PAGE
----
“In the Making” – a Digital Revolution?

A major conference exploring disability and digital fabrication recently took place in the Digital Performance Lab at the University of Salford’s MediaCityUK campus. Over 50 delegates representing service users, technical experts, policy makers and leading charities came together to discuss the potential of digital fabrication to support economic, physical and mental well-being. amc

The free one-day conference was organised by the University of Salford, the University of Dundee and Disability Rights UK. It was supported by Ultimaker GB Ltd, a leading manufacturer of 3D printers, with demos and design clinics running all day. The conference was also supported by Shaw Trust, which provided an access fund to help support the needs of delegates. It was the final event of the AHRC-funded ‘In the Making’ project, and the conference heard findings from the project, which has been taking 3D scanners and 3D printers out to the neighbourhoods of Salford and involving the city’s disabled people in the use of this new digital technology. http://www.inthemaking.org.uk/conference/

Principal investigator Dr Ursula Hurley said: “As technologies like 3D printers become more widely available, we are developing the ability to make almost anything we can think of. This is where the imagination becomes important. How do we find new ways of doing new things? What are the possibilities of this technology? How might it change lives for the better? It’s really about ideas, innovation, experimentation, looking at things from different points of view. The ‘In the Making’ project is a wonderful opportunity to see just how creative we can be in developing our understanding of the technology. We’re really looking forward to developing the findings presented at our conference.”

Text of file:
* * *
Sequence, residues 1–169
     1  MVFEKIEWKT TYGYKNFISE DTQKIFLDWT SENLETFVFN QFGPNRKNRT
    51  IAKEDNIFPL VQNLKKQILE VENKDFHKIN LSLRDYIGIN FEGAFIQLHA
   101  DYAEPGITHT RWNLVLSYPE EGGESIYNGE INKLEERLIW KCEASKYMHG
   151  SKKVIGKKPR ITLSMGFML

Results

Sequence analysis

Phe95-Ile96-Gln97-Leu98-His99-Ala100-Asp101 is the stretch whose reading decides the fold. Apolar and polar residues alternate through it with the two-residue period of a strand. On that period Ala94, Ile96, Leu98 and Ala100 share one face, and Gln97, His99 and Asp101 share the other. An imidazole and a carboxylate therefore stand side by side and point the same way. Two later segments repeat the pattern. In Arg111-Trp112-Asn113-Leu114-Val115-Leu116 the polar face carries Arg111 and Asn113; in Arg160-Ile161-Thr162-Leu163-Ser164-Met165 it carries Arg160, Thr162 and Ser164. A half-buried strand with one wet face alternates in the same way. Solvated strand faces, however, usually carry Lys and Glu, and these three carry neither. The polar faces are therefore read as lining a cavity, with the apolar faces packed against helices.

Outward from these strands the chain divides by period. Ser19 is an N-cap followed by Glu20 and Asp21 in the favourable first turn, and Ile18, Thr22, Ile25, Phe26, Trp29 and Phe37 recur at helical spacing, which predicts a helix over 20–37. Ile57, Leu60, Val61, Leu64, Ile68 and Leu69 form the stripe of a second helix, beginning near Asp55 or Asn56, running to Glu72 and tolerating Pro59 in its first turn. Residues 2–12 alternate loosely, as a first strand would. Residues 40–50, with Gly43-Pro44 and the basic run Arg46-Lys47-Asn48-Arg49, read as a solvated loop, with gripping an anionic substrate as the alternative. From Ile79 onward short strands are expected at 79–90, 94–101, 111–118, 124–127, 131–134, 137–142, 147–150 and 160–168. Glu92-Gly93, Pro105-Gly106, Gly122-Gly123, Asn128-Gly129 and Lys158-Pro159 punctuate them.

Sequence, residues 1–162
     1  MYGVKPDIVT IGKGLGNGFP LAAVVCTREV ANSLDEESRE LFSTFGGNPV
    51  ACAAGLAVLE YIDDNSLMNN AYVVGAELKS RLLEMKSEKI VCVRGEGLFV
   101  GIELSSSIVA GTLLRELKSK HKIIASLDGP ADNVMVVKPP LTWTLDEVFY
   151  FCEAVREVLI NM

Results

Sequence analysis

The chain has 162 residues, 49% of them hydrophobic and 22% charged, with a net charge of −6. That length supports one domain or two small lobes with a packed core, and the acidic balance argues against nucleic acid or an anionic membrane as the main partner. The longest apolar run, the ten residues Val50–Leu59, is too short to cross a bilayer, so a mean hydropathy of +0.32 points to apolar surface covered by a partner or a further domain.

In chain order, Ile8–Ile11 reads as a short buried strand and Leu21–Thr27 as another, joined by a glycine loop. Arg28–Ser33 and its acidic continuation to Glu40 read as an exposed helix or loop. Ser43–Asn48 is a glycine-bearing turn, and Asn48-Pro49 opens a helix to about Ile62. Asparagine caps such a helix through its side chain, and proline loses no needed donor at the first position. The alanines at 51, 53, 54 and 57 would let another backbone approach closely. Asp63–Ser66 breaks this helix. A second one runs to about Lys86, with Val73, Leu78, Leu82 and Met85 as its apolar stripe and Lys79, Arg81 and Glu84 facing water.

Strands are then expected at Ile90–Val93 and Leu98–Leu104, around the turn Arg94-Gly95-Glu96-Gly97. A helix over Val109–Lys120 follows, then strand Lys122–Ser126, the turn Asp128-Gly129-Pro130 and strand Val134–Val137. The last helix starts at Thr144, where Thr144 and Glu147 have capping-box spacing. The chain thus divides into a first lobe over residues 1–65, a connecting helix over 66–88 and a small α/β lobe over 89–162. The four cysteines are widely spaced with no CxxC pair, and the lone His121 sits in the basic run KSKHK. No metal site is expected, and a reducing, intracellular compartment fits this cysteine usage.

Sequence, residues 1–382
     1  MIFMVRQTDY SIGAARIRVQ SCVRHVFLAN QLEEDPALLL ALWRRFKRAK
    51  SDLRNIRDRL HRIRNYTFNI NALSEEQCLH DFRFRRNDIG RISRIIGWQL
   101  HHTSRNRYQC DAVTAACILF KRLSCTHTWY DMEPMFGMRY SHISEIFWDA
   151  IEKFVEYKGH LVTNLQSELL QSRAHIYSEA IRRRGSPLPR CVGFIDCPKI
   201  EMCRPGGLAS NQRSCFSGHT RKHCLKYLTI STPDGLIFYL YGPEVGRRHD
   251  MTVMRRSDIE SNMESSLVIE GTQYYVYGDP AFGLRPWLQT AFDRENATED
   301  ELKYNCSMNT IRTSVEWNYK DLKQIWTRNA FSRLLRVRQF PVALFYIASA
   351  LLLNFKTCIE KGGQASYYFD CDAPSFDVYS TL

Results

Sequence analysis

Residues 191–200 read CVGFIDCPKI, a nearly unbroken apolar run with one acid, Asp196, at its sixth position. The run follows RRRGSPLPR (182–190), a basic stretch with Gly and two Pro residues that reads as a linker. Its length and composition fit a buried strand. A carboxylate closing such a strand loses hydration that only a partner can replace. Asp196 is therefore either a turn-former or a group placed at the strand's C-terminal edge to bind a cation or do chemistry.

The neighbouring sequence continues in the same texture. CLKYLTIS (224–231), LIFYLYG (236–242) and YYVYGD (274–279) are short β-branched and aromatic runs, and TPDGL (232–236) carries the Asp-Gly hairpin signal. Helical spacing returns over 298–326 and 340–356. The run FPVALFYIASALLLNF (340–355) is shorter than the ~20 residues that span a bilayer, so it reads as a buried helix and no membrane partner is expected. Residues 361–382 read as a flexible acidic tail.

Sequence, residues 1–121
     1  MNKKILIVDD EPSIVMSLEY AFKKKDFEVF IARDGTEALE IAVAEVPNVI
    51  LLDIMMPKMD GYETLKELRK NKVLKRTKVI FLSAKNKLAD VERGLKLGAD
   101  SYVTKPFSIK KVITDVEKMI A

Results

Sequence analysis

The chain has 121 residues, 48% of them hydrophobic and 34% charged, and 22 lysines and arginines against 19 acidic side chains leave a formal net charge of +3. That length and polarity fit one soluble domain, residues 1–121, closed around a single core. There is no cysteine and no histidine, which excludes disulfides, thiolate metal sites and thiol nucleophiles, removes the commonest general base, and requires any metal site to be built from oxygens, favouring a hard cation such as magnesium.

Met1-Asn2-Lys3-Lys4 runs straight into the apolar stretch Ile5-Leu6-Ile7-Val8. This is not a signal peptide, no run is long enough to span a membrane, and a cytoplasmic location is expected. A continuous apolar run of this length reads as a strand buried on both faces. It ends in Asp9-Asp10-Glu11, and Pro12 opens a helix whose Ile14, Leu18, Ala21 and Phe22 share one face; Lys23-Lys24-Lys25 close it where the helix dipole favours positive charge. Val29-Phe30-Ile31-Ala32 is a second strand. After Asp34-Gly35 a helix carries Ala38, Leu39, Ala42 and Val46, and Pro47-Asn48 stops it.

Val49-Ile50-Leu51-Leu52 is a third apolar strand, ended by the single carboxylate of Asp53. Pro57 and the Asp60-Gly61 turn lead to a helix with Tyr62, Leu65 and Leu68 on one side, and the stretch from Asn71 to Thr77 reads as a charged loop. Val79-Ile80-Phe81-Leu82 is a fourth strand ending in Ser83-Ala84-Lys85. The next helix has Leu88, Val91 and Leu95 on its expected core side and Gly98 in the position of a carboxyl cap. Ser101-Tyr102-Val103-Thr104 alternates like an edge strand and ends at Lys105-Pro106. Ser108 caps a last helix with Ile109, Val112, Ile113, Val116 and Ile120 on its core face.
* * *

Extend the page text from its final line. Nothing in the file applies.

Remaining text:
Co-investigator Philip Connolly, the Policy Manager of Disability Rights UK said, “Our charity wants to see disabled people emerge as leaders in the possibilities that this new technology offers. In the workshops we have seen disabled people print finger grips to support them in independent living but in the future it is possible that they will print limbs too. By acquiring these skills we expect disabled people to design solutions that may overcome their own barriers to the labour market but also prototypes of use and commercial value to everyone else too.”

Dr Nick Taylor, from the University of Dundee and project co-investigator said; “The benefits of new technologies like digital fabrication are usually spread unevenly and it’s the people who were already empowered who gain the most. Democratising making is about more than just making the technologies available: it’s about making them engaging, making people aware of the possibilities, and finding ways to help people to realise those possibilities. Through this even we want to share what we’ve learned about how to do this, and hopefully see it picked up by other organisations.”

Roy O’Shaughnessy, Chief Executive of Shaw Trust and Conference Chair, added: “Disability Rights UK and the Universities of Salford and Dundee are leading the way on helping more disabled people to understand the benefits of digital fabrication. Embracing this type of manufacturing process raises the potential for revolutionising how assistive technology is developed in the future. Digital fabrication can overcome some of the cost of existing manufacturing techniques with plastic and offer disabled people the opportunity to design assistive devices to meet their individual needs. This is a really exciting conference and I look forward to discussing how digital fabrication can transform the assistive technology industry and help more disabled people live an independent life.”


For further information, please contact Ursula Hurley: u.k.hurley@salford.ac.uk, 0161 295 2851

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